|Suitable all audiences|
|Release date:||17 November 2006|
Kick-start your fitness regime
Martial arts instructor Leon joins Matt and Anna to instruct you in Hung Gar - a form of Kung Fu from 18th century China.
They will guide you through a personalised exercise routine that will help improve strength, endurance, agility and stamina. And you can put what you learn to the test in sparring sessions, assemble your own routines in Freestyle mode, or compete against friends in fun multiplayer games.
- Embark on a 16 week Martial Arts inspired fitness programme featuring over 25 hours of classes
- New Martial Arts Personal Trainer uses Motion Matching Technology to monitor your technique, providing increased interaction and feedback
- Improve your skills in 12 training games, then put your moves to the test against 4 sparring opponents
Get fit with EyeToy
Fancy spicing up your fitness regime with a spot of martial arts? Give EyeToy: Kinetic Combat a workout.
The original EyeToy: Kinetic combined the motion-sensing technology of EyeToy with a holistic fitness regime that really worked - and now it has a follow-up in the (perfectly toned) shape of EyeToy: Kinetic Combat. Expanding on its predecessor's aims, Kinetic Combat provides a fresh workout, this time inspired by martial arts - and the results are certainly striking.
The art of Shaolin
It's worth noting that nobody should be put off by use of the term 'combat'. While Kinetic Combat does indeed allow you to take part in simulated sparring sessions, this title focuses on much more than just that, allowing for the expansion of your health and fitness regime while teaching some of the fundamentals of martial arts. The roots of the game rest within the ancient art of Hun Gar Kung Fu, a 17th century discipline used by Shaolin monks and offered in many modern exercise classes. Hun Gar is primarily used for increasing fitness, but also includes a range of kicking, punching and movement techniques that gives a total body work out.
As with the original Kinetic, instructors Matt and Anna can be selected to help you through a one-on-one fitness programme, along with a new martial arts specific trainer, Leon. The idea is that you follow your chosen trainer's on-screen moves, matching them via a traced body outline. Your mimicry is tracked by the EyeToy Camera, allowing the game to notice if you are performing a move correctly, and provide personal feedback on your performance.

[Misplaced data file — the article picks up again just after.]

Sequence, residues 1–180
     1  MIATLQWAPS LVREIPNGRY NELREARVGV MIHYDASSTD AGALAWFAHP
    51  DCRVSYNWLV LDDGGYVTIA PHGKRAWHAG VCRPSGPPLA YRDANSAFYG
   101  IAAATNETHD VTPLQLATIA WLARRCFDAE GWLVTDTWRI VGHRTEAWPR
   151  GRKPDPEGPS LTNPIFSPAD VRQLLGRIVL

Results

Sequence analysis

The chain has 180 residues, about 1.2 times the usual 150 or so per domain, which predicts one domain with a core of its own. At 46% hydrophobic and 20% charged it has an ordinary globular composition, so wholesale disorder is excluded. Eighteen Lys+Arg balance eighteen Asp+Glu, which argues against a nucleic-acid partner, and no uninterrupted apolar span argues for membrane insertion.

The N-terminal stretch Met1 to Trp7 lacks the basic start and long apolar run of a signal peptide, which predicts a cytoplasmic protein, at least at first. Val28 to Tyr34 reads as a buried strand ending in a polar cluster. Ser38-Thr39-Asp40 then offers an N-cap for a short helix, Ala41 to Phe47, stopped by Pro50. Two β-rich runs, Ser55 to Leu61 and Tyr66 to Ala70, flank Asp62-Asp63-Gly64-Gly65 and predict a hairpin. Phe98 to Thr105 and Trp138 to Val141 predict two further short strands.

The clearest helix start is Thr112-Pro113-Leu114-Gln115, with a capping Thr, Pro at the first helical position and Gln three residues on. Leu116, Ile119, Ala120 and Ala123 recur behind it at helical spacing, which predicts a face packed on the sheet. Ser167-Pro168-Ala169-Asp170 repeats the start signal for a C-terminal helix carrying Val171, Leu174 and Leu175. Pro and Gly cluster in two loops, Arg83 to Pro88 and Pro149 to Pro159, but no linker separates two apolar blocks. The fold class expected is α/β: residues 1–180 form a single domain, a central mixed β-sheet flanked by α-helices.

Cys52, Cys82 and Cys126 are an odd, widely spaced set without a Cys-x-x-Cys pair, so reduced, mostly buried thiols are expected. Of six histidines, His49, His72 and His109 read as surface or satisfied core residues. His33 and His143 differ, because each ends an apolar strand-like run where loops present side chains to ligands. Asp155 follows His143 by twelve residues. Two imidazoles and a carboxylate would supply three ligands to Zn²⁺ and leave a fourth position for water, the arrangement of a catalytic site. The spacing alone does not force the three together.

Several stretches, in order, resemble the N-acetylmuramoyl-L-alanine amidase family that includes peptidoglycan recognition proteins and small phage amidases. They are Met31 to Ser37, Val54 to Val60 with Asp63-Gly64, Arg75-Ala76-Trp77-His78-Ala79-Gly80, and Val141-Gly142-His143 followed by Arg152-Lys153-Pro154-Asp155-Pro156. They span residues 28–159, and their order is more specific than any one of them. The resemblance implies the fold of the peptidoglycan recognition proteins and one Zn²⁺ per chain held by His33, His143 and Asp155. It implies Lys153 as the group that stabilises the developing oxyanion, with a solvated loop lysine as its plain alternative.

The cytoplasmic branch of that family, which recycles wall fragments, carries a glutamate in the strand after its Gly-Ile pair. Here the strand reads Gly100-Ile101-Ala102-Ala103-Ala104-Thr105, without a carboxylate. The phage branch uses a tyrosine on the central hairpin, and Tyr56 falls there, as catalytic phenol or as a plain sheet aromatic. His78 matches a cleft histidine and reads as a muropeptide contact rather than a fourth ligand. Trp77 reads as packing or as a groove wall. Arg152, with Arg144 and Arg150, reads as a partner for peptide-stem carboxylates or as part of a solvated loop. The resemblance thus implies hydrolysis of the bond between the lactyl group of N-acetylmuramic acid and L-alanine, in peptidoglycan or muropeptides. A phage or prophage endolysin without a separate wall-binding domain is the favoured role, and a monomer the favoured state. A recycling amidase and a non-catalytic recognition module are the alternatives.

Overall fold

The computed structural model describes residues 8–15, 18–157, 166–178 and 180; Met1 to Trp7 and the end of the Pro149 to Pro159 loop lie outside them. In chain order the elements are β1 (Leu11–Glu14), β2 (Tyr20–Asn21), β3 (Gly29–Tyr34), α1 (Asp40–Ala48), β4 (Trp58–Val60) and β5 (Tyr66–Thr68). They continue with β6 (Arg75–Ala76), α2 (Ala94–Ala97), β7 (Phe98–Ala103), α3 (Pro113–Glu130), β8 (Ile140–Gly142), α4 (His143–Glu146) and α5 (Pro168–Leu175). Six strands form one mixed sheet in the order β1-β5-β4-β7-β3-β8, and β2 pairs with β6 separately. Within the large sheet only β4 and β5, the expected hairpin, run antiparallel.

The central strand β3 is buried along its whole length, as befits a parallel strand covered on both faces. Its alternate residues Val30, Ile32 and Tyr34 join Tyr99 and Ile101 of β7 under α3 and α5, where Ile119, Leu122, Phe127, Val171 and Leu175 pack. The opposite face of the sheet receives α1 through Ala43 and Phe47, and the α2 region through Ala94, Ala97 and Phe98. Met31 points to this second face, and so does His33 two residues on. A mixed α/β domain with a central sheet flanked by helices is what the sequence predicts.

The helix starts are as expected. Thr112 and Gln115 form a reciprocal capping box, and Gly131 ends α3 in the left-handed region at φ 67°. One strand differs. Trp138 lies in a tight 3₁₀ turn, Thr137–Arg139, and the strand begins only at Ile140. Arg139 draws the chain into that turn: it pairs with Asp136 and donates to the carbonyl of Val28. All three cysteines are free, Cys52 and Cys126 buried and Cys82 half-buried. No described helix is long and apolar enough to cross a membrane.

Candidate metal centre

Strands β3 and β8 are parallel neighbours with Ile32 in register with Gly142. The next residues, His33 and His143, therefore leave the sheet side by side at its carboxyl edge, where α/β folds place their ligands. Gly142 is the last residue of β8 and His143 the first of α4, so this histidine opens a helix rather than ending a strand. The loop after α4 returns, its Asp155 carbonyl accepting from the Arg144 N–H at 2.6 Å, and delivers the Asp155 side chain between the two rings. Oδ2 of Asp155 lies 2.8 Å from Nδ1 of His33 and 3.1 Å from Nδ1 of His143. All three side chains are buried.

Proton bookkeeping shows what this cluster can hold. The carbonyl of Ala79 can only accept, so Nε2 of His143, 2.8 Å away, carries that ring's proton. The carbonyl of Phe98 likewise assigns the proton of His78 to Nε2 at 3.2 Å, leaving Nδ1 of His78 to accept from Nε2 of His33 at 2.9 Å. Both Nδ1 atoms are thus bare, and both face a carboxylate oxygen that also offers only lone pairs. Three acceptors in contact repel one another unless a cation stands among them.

With over 200 separate Hung Gar Kung Fu moves, the routine is separated into four animal styles; dragon (a gentle introduction), tiger (strength through cardiovascular fitness), mantis (agility and balance), and phoenix (a combination of all prior lessons). Once a specific set of moves is learned, Kinetic Combat tests you via a series of mini-games like hitting on-screen sensors using your newly acquired techniques, and sparring sessions against the relevant animal opponent. Each one comprehensively gauges your skills, forcing you to duck, weave and strike your way to a better grade.
An inexhaustible trainer
Kinetic Combat is wonderfully professional, and despite its relatively serious fitness slant, plenty of fun. There's plenty of scope to enjoy it in the way that suits you best, too: Personal Trainer Mode takes you through a 16-week fitness programme, Freestyle allows for a more custom-built workout, the Quick Play mode contains a number of one-off games that can be played competitively against friends and family, offering a less goal-oriented way of getting exercise.
It works perfectly towards providing something for those looking to increase their exercise routine, or just get fit without hassle. Kinetic Combat's interactivity and feedback options provide a more personalised work out than a fitness DVD, and there's none of the irritating predictability that comes with the typical exercise video.
EyeToy: Kinetic Combat ticks all the right boxes; it's deep, fresh, involving and teaches something that's not only fun but beneficial. Who says videogames are unhealthy? This should certainly change a fair few minds - and bodies - for the better.